Tuesday, August 19, 2008

Painting Part I

I'm moved in!  I now live in Bloomington, Indiana...and it's weird. But surprisingly comfortable.

Since my parents left and I was officially "moved in" (Sunday afternoon), I've been locking myself in my apartment and doing random things to occupy my lonely self. My main activity? PAINTING!

Now, I don't know why I'm painting. This place was freshly painted when I moved in, and I have to prime all the walls I paint when I move back out. I guess I was turned off by the dirty cream walls, and ultimately I was in dire need of something to preoccupy myself while I adjusted to Bloomington ALONE.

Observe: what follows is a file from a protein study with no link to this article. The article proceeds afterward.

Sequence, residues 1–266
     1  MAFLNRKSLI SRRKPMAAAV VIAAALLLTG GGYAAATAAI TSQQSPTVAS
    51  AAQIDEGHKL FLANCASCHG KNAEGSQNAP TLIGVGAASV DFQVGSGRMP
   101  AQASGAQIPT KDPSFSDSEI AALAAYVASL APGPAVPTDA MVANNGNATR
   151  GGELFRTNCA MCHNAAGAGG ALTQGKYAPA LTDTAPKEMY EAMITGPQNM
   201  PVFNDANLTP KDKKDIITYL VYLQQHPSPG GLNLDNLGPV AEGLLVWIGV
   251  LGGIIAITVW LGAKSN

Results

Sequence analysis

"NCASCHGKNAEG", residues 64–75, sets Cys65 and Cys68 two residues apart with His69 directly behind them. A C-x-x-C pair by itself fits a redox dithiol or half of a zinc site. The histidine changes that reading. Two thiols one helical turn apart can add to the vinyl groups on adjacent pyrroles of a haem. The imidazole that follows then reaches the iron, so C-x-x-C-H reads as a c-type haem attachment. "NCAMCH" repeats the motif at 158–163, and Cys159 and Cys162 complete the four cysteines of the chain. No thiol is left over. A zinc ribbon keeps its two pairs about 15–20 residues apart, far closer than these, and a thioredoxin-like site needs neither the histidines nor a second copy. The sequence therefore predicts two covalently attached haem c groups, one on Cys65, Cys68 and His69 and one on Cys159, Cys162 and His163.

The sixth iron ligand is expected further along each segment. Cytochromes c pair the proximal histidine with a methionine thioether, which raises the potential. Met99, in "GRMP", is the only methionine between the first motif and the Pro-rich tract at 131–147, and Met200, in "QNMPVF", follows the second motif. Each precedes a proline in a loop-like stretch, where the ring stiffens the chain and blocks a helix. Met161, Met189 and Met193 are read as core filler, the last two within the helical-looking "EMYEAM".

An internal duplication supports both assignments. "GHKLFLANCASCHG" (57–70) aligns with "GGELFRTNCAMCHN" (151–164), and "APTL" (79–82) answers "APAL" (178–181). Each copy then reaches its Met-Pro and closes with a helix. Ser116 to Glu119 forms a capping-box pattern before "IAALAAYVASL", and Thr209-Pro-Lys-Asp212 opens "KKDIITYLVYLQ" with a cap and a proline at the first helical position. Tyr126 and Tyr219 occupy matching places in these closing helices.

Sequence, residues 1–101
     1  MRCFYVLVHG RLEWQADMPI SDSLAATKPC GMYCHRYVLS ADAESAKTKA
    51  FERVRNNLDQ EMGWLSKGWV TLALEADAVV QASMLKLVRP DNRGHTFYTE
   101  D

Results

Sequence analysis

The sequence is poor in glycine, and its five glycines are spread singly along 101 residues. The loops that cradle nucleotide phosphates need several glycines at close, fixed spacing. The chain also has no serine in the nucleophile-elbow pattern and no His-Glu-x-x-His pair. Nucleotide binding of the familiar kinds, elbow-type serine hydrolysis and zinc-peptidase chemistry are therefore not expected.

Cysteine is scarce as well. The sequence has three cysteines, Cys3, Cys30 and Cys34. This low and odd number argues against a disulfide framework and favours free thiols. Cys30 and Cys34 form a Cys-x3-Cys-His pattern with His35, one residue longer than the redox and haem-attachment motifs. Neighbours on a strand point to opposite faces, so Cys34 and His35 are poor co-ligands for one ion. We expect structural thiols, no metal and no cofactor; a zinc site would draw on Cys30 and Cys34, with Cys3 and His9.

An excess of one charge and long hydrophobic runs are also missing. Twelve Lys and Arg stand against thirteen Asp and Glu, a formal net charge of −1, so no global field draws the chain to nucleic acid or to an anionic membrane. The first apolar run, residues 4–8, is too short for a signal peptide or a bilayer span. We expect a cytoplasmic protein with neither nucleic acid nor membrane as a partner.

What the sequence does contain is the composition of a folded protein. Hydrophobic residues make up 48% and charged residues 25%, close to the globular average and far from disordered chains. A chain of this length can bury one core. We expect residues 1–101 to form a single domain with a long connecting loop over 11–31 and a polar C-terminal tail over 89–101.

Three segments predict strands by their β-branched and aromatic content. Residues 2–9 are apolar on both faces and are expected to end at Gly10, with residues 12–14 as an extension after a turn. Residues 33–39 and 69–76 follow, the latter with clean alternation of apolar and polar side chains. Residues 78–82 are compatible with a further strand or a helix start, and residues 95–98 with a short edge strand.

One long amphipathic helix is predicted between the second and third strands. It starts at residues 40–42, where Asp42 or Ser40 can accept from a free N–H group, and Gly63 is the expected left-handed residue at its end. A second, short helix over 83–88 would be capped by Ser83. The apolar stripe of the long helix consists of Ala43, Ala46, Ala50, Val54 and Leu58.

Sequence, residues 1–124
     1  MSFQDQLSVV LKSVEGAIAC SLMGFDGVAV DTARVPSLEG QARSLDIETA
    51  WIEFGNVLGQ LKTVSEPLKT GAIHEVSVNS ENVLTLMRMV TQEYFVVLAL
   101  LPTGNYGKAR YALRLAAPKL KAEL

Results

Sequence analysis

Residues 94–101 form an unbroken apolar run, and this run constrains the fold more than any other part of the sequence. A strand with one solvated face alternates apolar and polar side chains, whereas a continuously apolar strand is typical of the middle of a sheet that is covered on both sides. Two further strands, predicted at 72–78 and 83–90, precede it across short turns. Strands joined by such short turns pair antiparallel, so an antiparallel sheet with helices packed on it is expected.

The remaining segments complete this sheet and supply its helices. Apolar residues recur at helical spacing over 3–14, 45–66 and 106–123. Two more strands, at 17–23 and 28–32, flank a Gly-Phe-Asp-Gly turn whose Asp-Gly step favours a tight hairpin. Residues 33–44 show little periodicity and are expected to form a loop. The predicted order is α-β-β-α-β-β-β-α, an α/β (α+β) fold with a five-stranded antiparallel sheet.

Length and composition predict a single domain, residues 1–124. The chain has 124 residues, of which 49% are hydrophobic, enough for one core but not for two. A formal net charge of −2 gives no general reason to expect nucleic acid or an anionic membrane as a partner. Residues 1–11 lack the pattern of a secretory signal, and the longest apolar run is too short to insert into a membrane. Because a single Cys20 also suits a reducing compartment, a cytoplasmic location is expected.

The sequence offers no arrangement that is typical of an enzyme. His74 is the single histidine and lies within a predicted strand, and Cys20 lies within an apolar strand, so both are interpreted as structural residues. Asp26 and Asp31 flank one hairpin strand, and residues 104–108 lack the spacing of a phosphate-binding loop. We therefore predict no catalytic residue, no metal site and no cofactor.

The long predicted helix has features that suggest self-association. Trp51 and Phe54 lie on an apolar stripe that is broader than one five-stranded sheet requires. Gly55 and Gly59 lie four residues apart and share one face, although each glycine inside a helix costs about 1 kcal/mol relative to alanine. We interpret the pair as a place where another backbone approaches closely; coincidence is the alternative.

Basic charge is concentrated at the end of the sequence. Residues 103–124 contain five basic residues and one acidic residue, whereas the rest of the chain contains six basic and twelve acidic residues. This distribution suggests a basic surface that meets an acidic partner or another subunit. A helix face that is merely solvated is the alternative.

So I called Mark and we compiled a detailed plan of how I would transform my walls from drab to fab. We decided on a granny smith apple green for the kitchen, a light gold for the living room, and a complex chair-rail-esque multi colored job in my bedroom. We picked out the colors on SherwinWilliams.com and then I was off to my neighborhood Sherwin Williams!